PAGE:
The Cohesive Urban Social Fabric Between Local Architectural Identity and Climatic Response
PublisherUniversitat Politècnica de Catalunya. Iniciativa Digital Politècnica
Rights accessOpen Access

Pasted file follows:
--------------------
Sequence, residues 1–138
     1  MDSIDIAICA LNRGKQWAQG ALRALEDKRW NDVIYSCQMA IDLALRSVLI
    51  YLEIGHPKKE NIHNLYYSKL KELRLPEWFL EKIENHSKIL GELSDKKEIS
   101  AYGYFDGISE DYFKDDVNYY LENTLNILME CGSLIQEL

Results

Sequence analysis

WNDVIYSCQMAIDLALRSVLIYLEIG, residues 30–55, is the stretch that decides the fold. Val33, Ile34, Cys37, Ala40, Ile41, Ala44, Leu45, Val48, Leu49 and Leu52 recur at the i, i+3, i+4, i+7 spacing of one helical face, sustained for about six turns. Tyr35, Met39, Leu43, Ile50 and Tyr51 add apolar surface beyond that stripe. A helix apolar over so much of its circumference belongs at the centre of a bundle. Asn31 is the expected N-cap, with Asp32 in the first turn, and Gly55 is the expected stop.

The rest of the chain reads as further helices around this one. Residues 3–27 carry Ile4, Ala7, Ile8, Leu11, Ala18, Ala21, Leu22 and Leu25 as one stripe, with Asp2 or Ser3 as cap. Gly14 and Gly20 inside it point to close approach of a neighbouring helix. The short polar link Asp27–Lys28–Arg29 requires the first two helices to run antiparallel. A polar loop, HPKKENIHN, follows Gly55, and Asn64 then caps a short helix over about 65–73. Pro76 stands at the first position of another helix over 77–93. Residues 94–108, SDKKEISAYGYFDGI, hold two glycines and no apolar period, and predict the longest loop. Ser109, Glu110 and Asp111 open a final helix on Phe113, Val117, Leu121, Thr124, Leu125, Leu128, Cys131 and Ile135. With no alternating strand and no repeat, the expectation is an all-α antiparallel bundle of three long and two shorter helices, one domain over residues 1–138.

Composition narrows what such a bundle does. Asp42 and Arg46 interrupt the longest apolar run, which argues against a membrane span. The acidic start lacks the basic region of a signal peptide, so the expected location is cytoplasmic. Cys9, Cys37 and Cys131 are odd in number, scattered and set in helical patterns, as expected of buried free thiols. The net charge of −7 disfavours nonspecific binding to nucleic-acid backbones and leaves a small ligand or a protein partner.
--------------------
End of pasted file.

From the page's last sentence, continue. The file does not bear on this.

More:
Mario Botta once said: «Architecture is the constant fight between man and nature, the fight to overwhelm nature, to possess it. The first act of architecture is to put a stone on the ground. That act transforms a condition of nature into a condition of culture; it’s a holy act». Through history, we see this interaction between us, nature and culture, this complicated relation shapes our life into social urban fabrics and architecture. Therefore, Architectural heritage is the most witness and expressive art and science to human being’s history book. Since our environments are different, the logical consequence of urban fabrics also would be different in point of view the compactness, units’ form, materials, urban layout and streets. For example, the Saharan urban fabrics seems to be more compact with narrow streets and patio-built units, this urban fabric are also a result of social order needs, the hierarchy of streets from public to private shows the intimacy relation between local habitants and visitors, public spaces for social gathering like plazas assure the mix use of spaces, the preservation of landscape of local environment to integrate the design with nature and to demonstrate agriculture spaces in that fabrics. Therefore, to clarify this crossed complex fabrics we should find the harmonic serrated wheels which touch this elements or criteria. The architectural community has had a strong and continuing interest in traditional and vernacular architecture. This has been rekindled by the need to develop an architecture that works with climate, rather than against it, to create more sustainable buildings. Earlier research and existing publications on traditional or vernacular architecture have followed an anthropological or archaeological approach, whereas books on climatic design and sustainable architecture tend to refer to contemporary principles and built precedents without direct reference to past experience.